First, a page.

Efficient Firewood Cutting

Discussion in 'Homesteading Questions' started by JV, Sep 13, 2004.

  1. JV

    JV Well-Known Member

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    I have bought a new stihl chainsaw and have entered the wonderful world of firewood cutting. I am pretty new at this so I would like to know when does it become a waste of time to cut up branches. I mean how small in diameter is it still worth it to cut up for use in a woodburning stove. I'm thinking about the size of my wrist. Any opinions? What do you do?
     
  2. OD

    OD Well-Known Member

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    That's about the size where we stop cutting. You will need a lot of small stuff like that for starting fires & the more branches that size you have, the less splitting you will have to do. In really cold weather, I don't let my fire go out, & with a good bed of coals, small stuff isn't necessary. In other words, you will need a lot of small pieces if you let your fire go completely out overnight & build a new one every morning.
     

  3. comfortablynumb

    comfortablynumb Well-Known Member

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    I burn everything.
    if its to small to saw, I use big lopper pruners.
    when its dry i break it all up by driving the truck over it.
    then i rake/fork it all up and tarp it.

    if its dry and doesnt stink, I will burn it. pallets, construction scrap, old furniture... trees, deadfalls, on my trips around town if I spy a really nice dead elm, i'll saw hunks off and drag those home.
     
  4. dscott7972

    dscott7972 Well-Known Member

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    We have a woodfurnace and I would probably quit with wristsized pieces but since we have a fireplace I cut up branches just larger than my thumb since they make a nice fire. We have several wood companies around here and I get much of my wood from them for frew or $20 a load I don't have to mess with cutting down my own trees, just cutting up the long pieces from the sawmill.
     
  5. Jolly

    Jolly Well-Known Member

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    Nothing past about wrist size. You do need some smaller stuff to help start your fires, so I segregate my wood as I stack it.

    The problem with burning a lot of pallets, is that depending upon the wood used, you can get a lot of creosote. I tend to use pallets, or construction cut-offs, as mostly kindling.
     
  6. bgak47

    bgak47 Well-Known Member

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    I don't really heat or cook with wood, but I do have a fireplace & I like a nice fire. I keep everything down to finger size for kindeling,as long as it is dry. I also like to have some of the small stuff to add when I want the fire to flare up & be bright.If I was using a woodstove for cooking or heat, I would have quite a bit of the finger-sized stuff for starting fires. I use my loppers for that stuff.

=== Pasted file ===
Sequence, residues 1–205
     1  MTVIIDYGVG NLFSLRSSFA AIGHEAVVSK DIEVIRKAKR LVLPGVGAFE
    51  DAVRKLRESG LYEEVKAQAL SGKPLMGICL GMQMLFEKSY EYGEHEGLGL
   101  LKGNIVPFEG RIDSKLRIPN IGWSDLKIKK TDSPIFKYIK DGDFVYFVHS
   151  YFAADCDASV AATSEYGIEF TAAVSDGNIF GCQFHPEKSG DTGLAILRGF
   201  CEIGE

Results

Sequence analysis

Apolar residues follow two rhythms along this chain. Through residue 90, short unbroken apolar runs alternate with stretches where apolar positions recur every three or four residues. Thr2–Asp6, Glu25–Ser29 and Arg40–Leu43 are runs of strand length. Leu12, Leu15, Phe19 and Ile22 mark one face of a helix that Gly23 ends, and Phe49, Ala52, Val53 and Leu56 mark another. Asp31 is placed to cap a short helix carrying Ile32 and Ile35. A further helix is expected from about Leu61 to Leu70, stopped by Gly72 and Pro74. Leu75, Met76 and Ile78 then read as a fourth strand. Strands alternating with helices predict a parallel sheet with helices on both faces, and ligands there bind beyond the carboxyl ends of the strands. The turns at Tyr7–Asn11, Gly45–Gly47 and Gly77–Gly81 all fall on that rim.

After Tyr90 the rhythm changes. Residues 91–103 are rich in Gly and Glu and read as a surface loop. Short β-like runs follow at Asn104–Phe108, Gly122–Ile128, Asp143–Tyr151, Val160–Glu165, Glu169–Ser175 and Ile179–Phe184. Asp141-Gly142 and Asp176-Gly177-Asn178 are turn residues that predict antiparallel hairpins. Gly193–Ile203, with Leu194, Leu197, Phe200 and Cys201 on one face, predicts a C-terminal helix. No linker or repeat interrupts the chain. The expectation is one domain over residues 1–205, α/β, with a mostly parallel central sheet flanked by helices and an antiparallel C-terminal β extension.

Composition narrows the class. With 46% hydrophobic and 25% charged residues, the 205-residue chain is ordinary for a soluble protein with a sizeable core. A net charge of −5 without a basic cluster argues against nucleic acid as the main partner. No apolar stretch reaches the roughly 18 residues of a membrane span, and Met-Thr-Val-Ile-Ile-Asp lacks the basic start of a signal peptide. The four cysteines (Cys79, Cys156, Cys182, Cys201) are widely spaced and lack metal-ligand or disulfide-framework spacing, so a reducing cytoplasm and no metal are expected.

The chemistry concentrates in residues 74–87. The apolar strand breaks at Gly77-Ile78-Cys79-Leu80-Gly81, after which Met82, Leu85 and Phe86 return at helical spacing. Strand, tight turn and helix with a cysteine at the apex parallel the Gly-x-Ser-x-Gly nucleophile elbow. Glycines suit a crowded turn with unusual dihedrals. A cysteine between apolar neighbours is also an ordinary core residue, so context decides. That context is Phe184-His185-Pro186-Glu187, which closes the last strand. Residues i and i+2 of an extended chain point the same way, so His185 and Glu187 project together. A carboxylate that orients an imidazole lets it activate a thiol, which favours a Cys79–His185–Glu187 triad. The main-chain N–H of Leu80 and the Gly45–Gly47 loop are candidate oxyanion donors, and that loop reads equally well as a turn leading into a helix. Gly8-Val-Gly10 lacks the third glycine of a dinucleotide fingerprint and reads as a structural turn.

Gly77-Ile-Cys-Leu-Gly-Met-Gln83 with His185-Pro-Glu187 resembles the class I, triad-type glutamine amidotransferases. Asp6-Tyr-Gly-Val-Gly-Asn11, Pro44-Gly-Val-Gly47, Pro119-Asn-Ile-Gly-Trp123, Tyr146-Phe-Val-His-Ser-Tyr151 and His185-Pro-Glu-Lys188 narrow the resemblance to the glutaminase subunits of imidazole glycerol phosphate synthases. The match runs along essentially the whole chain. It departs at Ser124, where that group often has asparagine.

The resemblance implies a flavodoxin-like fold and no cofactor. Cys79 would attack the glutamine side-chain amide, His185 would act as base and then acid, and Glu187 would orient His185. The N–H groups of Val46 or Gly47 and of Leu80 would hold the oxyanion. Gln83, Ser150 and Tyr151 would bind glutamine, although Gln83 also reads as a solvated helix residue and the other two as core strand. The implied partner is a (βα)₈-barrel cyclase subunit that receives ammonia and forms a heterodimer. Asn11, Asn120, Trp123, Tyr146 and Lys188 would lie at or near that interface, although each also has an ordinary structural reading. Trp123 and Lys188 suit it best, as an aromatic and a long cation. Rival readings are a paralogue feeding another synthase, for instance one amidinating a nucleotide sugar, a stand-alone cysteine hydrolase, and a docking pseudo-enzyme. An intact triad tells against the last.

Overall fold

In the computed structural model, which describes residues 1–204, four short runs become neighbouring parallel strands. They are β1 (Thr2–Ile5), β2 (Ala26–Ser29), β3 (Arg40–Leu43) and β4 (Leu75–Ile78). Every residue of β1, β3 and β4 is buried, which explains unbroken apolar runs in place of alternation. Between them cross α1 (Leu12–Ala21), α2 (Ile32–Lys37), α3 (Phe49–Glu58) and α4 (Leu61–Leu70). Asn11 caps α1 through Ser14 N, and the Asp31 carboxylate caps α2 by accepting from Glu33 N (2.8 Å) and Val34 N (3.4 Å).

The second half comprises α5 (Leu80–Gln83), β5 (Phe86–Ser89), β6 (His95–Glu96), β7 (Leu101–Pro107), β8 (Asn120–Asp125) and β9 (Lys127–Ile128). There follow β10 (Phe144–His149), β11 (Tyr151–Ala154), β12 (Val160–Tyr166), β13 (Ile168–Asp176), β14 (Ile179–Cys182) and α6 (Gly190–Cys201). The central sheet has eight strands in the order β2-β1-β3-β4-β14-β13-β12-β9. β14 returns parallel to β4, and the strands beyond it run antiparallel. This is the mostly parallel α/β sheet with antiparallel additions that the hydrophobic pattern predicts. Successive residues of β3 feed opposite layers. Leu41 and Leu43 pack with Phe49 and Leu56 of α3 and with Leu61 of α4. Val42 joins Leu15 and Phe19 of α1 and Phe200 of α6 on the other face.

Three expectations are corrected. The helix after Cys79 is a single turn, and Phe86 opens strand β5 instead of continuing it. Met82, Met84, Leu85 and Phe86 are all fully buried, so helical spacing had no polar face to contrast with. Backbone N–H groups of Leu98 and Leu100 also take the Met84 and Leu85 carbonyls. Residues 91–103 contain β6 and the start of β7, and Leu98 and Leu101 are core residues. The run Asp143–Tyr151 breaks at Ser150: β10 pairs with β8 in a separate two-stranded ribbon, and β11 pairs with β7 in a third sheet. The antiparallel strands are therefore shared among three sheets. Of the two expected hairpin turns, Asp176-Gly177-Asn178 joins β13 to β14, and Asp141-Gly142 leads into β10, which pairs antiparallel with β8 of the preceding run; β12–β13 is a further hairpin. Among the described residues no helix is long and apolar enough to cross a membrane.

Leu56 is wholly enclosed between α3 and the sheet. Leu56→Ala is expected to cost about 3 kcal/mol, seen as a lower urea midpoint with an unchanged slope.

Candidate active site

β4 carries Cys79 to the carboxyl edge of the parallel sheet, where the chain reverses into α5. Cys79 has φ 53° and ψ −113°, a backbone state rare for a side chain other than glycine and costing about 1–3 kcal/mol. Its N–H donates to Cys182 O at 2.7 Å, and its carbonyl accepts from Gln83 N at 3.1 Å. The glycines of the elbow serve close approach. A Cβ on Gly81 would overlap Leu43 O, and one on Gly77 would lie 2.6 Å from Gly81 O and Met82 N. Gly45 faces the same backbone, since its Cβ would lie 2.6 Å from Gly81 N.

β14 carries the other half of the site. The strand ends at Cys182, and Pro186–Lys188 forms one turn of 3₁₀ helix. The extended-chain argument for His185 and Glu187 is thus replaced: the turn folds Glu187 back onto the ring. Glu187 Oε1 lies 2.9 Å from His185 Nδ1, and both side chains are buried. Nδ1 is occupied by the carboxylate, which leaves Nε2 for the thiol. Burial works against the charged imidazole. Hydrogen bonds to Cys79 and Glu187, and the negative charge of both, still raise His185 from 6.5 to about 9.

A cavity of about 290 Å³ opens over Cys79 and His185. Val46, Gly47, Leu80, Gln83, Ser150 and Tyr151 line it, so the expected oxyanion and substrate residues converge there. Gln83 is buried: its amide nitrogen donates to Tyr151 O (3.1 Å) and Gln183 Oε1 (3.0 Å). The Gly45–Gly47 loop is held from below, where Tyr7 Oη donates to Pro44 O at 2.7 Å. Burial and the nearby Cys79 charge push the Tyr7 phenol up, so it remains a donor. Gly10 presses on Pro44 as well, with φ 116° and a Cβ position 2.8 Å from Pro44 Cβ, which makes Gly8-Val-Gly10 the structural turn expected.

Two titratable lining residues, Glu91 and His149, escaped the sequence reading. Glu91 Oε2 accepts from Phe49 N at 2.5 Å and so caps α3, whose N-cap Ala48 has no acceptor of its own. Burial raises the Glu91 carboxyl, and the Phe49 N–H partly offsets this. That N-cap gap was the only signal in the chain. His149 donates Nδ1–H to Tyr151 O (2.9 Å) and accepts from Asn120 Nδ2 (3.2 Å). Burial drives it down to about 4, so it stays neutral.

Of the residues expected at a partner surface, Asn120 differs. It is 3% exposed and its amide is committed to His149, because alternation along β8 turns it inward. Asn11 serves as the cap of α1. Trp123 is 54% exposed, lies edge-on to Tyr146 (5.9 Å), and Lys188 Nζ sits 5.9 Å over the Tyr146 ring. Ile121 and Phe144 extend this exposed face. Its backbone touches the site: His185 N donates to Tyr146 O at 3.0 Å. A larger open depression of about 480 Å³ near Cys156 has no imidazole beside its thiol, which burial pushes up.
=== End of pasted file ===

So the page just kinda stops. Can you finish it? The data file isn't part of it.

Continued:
7. MorrisonCorner

    MorrisonCorner Mansfield, VT for 200 yrs

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    I agree with this poster, although it is downright painful to see the "volume" of wood wasted in a tree top. This summer the husband talked me into getting a used chipper powered off the PTO. Wasn't enthusiastic. Another noisy guy machine :rolleyes: But in fact, it chips up a top into something very useful... yards of mulch. Which we've been able to swap, in truckload lots, for things we need. Mind you, it is going to take a few years to pay off that chipper, but at least I don't have that feeling of wasting the top any more.

    So I've got to ask... now that you have a chainsaw, does the forest look different to you? My husband still drives down the road and remarks "that'd be a good tree for our pile..." :haha:
     
  8. gccrook

    gccrook Well-Known Member

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    It seems to depend on the availability of wood in your area. Before I came upon my current stash, I cut everything, because I did not have much available to me. Now I have more wood than I can use, so I do not cut very small pieces. It's all relative.
     
  9. insanity

    insanity Well-Known Member

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    A few things to consider.Are they your trees?I would tend to leave less waste behind if they where mine.Down to wrist size atleast.
    If you have a big saw like mine your going to get tired and fatigued quick trimming and cutting up little stuff.Which could be dangerous in the first place sence this is where most kick backs and pitched chains happen.
    Also pay attention to how much wood you get after hauling it home and stacking.The big stuff you carrying home then split will add up much faster after its split than the little round stuff.It will also burn much longer.